The Department would also have a project plan which it would follow for the preparation of the AFS. It would also include ample time for internal audit to assist in reviewing the AFS before it was submitted to the AGSA. In the year under the review, time had been very limited due to the effects of Covid-19, and the AFS could not be given to internal audits in time for them to review it. Internal audit would be given two weeks to review the AFS before it was submitted to the audit committee, and before it was submitted to the AGSA.

There were no new fruitless and wasteful expenditure matters in the year under review. Some of the existing R89.6 million matters were part of the investigations which were finalised during the year, and for some of them, the Department would be requesting condonement. However, those which were referred for criminal investigations must be followed up so that they could ask for condonement for the cases which had already been investigated.

When the former Departments closed, they had irregular expenditure for contracts which were already disclosed as irregular in 2019/20. In 2020/21, as they continued those contracts, the DSAC had to disclose those amounts as irregular, and this was part of the R3.1 million. The new matters which the AG had picked up, but which the Department did not pick up, were small amounts where a payment or acting letter was not signed by a newly appointed person. The Department was working with Human Resources to ensure that the information was put into a project plan, so that supply chain management (SCM) could crosscheck the payments.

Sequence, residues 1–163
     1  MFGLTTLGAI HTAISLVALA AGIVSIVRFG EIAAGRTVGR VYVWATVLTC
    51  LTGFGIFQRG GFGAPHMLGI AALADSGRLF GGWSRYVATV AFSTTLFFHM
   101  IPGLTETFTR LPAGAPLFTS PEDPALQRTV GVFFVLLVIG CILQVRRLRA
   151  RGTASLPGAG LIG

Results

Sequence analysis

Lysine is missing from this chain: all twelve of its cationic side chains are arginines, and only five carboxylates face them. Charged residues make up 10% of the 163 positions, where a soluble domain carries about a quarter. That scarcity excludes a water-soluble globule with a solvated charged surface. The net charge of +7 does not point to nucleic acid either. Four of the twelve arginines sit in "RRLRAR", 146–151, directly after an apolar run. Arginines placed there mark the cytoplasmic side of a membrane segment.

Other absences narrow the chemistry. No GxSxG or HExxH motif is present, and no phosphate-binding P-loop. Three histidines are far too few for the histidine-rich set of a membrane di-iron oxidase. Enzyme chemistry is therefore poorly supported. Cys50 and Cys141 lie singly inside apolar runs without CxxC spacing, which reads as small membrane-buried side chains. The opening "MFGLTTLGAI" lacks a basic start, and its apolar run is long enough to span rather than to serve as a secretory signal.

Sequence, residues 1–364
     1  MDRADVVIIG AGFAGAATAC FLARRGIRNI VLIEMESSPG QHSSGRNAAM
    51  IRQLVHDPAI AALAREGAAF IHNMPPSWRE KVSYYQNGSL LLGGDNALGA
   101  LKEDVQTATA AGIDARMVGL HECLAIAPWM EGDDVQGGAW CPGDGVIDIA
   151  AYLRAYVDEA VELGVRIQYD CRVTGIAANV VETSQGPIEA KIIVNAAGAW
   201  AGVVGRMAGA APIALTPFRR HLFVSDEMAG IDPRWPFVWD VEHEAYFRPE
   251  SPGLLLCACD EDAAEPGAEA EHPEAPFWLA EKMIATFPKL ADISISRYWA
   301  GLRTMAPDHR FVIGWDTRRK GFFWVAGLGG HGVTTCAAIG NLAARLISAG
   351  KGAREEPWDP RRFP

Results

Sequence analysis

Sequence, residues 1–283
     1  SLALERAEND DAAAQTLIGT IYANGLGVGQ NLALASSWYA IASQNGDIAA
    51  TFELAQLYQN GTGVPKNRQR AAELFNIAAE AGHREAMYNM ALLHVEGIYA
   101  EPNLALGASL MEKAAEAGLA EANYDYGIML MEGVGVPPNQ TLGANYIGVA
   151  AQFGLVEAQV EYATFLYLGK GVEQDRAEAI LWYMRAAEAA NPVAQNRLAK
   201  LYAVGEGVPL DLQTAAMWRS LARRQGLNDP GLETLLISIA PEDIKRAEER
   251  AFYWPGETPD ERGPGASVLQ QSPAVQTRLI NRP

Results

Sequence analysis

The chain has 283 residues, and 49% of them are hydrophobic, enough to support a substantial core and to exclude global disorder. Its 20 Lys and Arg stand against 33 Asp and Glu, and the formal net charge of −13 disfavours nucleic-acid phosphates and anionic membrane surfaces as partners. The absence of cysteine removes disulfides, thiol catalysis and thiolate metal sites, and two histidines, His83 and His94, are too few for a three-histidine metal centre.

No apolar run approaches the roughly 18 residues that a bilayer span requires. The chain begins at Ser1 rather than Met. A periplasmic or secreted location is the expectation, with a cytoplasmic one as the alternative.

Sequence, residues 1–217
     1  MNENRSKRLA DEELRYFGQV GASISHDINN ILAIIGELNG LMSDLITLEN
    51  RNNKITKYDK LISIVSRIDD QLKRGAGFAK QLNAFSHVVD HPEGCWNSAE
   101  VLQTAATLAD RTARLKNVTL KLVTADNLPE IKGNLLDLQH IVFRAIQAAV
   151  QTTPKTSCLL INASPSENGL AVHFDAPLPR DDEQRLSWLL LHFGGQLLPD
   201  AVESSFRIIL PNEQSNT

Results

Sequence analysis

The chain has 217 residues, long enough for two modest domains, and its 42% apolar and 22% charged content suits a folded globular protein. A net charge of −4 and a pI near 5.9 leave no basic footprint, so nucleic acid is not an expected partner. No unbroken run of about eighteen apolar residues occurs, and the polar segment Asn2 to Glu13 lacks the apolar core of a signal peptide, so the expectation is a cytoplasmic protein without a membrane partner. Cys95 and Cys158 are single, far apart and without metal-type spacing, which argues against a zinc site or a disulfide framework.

The Department had not yet finalised the investigations of the new matters, as the audit had ended late this year. However, a task team had been established to investigate these matters. In 2020/21, seven matters were added to the old balance of the irregular expenditure. The committee had reviewed them and made recommendations to the DG on how to handle letters to the parties liable for this as part of consequence management, and also to assist with the requests to National Treasury for condonement in cases where a loss was suffered. There had been investigations on the old balances, where people had been disciplined and their disciplinary actions finalised, and letters would be written to request condonement in these cases.

Only one payment was not made within the 30-day requirement. The invoice had been paid on the 33rd day. The invoice had been sent back to the end user because the supply chain had questions about it. Unfortunately, that service provider could not give a new invoice, because their system could not reissue new invoices. When invoices were received, they get stamped and their receipt dates are recorded within the Department. Those matters which were resolved were resolved late -- payment was authorised on 19f September, which was outside the 30 days because it was received in August. The correct way was to get a new invoice and stamp it, because the reissued invoice would be considered to be incorrect for processing. The Department was instructing its officials who process payments to be careful, and they were checking that payments were being authorised within 30 days.